Stories weren’t like a child could have made up
At four years of age, Ryan began waking in the middle of the night, tortured by nightmares. His dreams were detailed, vivid visions in which he was always in the body of another man. His mother explained:
“His stories were so detailed and they were so extensive, that it just wasn’t like a child could have made it up.”
Ryan’s dreams seemed more like memories.
Mommy, I found me!
His parents noted that Ryan would make unusual comments like, “I used to be big but now I’m little” and “I liked it better when I was big and I could go wherever I wanted to.” He would see pictures of the Hollywood Hills on television and point at the TV and quip, “That was my home!” He recalled things that no normal 5-year-old would know – like drinking Tru Ade, a soft drink that was popular in California in the 1940’s but ceased production in the 1960’s. Finally, the breaking point came at the age of five when Ryan pointedly told his mother, “Mom, I have something I need to tell you – I used to be someone else.”
Ryan went on to explain to his parents that he was from Hollywood (he asked his parents if they could go back there to visit). He told stories of meeting famous movie stars, travelling overseas, dancing on Broadway, and “working for an agency where people would change their names.” He recalled living on a street with the word “rocks” in its name and gave the age of his death as 61-years-old. He even spoke of the time between his past life and when he chose to return with his current mother as his mom.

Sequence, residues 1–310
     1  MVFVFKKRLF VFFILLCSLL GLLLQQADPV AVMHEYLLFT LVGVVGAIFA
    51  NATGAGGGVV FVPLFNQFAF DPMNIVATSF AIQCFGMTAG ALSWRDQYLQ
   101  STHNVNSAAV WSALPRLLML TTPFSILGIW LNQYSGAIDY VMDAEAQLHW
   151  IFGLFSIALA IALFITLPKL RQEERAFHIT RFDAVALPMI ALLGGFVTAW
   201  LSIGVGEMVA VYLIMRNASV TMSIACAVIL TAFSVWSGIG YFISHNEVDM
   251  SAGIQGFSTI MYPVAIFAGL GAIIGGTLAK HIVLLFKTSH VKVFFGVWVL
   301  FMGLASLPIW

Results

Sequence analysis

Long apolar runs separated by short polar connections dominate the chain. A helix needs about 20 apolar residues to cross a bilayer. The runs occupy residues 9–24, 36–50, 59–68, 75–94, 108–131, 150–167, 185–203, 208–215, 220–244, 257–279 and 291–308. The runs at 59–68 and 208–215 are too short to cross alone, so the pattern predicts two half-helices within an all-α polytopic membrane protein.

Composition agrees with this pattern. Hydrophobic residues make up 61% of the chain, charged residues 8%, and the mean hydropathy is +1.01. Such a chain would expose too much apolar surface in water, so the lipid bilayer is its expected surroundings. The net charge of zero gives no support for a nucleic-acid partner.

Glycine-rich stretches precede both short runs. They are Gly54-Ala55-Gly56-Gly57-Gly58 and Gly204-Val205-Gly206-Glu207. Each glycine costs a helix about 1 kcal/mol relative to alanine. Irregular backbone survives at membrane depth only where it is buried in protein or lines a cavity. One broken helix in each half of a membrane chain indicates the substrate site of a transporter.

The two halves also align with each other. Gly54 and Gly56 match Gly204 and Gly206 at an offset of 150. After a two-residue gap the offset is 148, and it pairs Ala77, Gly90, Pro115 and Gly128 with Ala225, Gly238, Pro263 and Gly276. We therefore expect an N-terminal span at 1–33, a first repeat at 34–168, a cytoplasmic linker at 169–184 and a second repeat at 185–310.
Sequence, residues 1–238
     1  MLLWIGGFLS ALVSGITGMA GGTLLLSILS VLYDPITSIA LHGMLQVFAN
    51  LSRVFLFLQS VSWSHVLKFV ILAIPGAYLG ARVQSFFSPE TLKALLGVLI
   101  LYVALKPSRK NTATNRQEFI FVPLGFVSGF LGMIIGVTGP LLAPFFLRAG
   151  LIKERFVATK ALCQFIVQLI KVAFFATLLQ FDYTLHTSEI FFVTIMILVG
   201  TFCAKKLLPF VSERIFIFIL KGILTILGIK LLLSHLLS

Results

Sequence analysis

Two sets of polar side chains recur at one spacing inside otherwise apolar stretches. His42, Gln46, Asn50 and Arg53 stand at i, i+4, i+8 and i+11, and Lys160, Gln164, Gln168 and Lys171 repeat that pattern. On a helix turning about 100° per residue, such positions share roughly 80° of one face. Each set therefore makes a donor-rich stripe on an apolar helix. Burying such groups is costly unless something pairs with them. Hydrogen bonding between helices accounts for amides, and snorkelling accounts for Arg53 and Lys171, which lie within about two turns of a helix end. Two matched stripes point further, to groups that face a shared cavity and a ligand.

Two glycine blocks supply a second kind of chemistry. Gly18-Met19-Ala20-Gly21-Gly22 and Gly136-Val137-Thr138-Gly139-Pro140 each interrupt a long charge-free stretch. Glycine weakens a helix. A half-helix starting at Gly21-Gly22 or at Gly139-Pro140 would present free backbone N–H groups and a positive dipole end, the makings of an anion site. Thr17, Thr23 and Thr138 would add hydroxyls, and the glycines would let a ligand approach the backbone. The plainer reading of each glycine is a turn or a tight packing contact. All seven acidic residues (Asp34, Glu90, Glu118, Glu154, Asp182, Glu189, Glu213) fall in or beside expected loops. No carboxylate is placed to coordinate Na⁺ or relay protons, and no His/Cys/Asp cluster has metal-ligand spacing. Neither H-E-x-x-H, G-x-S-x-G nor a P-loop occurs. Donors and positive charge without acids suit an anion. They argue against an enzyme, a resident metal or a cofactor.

Movie frame explains Ryan’s bizarre memories
Ryan’s family were devout Christians and did not believe in reincarnation. In fact, they were afraid their Baptist church would be angry if they found out what her son was claiming (when the church did find out, they were quite supportive of her and her family). Telling no one, Ryan’s mother secretly browsed through countless Hollywood books from the local library in a quest to figure out what was going on – until one day when “we found the picture – and it changed everything.”
The photo she found was a publicity shot from the 1932 movie “Night After Night” (starring Mae West in her film debut). When Ryan saw it, he pointed at the picture and said, “That’s George! We did a picture together.” He then pointed at another man in the shot and continued, “And mama, that guy is me. I found me!” Ryan mentioned a memorable scene in the movie that featured a closet full of guns. His mother sought out the movie on YouTube and to her surprise, there was indeed a scene with a closet full of guns.